So, how does one use the set-up to gently guide the reader towards the twist, without lingering too long or playing their hand too soon? A careful use of clues. I likened this to a mystery before, and that’s what it is. Even if the characters know, the reader has to use their personal deduction skills to sort out what’s going on. To do this successfully, the reader has to have something to work with. This is where keeping us in the dark backfired. Of course, we’ve been guessing this whole time, but without knowing the magic system, anything personal about Charles Spellman, and why there are so many inconsistencies with any certainty, every chapter is full of fake clues. You and I got so caught up in Verdicy, because LS finally put some effort into something, and showed us a tiny bit of world-building, that we assumed it was an intentional and never realized it was nothing at all.

    The whole Charles=Jackson theory came about, because LS was withholding a ton of information back, and you started second-guessing everything that could be a hint at some future reveal. Without actual clues, you went searching for your own, and discovered a completely unintentional context that LS never intended to weave into her damn story, one which surprisingly holds up pretty well under scrutiny.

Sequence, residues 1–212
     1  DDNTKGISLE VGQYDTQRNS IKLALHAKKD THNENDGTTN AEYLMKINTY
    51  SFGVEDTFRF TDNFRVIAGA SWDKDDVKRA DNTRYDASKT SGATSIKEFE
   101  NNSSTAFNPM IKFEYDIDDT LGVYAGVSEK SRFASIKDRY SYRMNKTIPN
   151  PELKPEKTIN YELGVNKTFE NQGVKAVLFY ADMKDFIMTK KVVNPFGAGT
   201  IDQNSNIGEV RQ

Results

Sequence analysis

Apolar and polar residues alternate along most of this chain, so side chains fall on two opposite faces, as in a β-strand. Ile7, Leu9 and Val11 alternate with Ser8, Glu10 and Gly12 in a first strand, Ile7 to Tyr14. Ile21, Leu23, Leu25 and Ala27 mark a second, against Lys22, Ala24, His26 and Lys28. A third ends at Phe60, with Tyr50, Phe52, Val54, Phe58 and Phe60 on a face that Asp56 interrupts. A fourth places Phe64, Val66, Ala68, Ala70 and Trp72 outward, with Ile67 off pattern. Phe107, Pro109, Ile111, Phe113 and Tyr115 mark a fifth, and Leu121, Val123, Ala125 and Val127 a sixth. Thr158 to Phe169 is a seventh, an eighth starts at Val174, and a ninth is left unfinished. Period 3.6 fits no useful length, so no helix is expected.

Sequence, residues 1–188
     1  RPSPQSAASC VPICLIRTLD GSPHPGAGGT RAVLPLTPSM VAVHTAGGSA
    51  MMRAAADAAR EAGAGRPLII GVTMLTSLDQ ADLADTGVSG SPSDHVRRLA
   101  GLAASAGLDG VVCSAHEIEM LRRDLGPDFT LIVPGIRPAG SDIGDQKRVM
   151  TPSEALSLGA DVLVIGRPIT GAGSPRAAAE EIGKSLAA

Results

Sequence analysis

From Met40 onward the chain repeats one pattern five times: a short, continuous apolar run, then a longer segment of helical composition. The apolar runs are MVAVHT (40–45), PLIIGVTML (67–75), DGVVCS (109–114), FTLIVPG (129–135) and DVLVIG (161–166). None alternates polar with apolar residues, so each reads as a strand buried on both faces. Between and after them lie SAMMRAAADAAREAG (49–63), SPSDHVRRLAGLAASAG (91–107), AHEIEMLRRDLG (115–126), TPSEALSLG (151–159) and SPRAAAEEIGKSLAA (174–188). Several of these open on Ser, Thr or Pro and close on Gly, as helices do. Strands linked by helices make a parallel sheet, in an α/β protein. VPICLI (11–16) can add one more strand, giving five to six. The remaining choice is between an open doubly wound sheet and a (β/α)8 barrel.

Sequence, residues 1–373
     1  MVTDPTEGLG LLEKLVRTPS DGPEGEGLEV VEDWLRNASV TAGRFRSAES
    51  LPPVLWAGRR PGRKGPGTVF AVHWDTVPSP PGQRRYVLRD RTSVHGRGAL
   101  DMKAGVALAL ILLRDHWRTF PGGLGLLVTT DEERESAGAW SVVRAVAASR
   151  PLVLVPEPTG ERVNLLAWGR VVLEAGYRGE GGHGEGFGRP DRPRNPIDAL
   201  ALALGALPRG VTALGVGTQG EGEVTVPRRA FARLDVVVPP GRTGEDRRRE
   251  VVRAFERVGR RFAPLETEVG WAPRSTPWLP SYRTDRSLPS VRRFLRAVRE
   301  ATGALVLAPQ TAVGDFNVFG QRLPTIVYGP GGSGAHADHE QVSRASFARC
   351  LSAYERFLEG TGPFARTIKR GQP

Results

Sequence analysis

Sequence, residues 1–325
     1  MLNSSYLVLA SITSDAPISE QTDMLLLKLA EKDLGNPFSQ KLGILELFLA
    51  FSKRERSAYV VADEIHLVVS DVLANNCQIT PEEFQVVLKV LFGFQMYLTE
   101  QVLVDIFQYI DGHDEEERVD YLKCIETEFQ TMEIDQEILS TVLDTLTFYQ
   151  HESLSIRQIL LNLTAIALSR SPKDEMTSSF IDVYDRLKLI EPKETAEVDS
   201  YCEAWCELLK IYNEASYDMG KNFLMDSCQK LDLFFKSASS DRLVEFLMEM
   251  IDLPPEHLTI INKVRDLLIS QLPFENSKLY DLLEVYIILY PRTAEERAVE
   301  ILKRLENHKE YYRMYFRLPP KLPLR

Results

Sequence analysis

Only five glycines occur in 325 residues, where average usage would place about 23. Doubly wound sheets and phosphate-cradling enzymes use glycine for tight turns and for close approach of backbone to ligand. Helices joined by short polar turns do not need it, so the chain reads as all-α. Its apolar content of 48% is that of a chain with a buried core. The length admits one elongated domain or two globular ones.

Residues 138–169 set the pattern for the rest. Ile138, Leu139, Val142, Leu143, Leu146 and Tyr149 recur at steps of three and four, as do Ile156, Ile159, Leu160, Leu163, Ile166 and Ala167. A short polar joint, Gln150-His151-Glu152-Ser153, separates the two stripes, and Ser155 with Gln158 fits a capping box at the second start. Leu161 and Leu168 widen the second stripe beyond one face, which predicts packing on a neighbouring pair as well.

Yet LS thought she was building up to some great twist… I’m assuming the original plot worked a little better in this regard, but even the reveal of these last two chapters is incompetent, mostly from being set in first person, and because we’re all exhausted from guessing constantly, that we just gave up. Additionally, there’s no telling exactly how much original padding there was in the script, but the fact LS thought she could literally shove about 200-300 pages between the beginning and the actual plot leads me to believe she doesn’t know the best moment to reveal her hand in either situation.

    This is why LS likes to explain her jokes, because she knows she’s bad at telling them and can’t be sure the reader got them. Getting better at telling jokes would actually get them across, but to be fair, comedic timing and other such intricacies are hard to pick up on without an ear for it or being taught some of the skills that go into them. I’m not especially good at jokes myself, nor have I ever trained to be a comedian, but I have read/watched a lot of humor, as well as a few how-to guides. My basic understanding of what I just explained came after some pondering, but I didn’t look anything up, so it’s possible I’ve misunderstood something.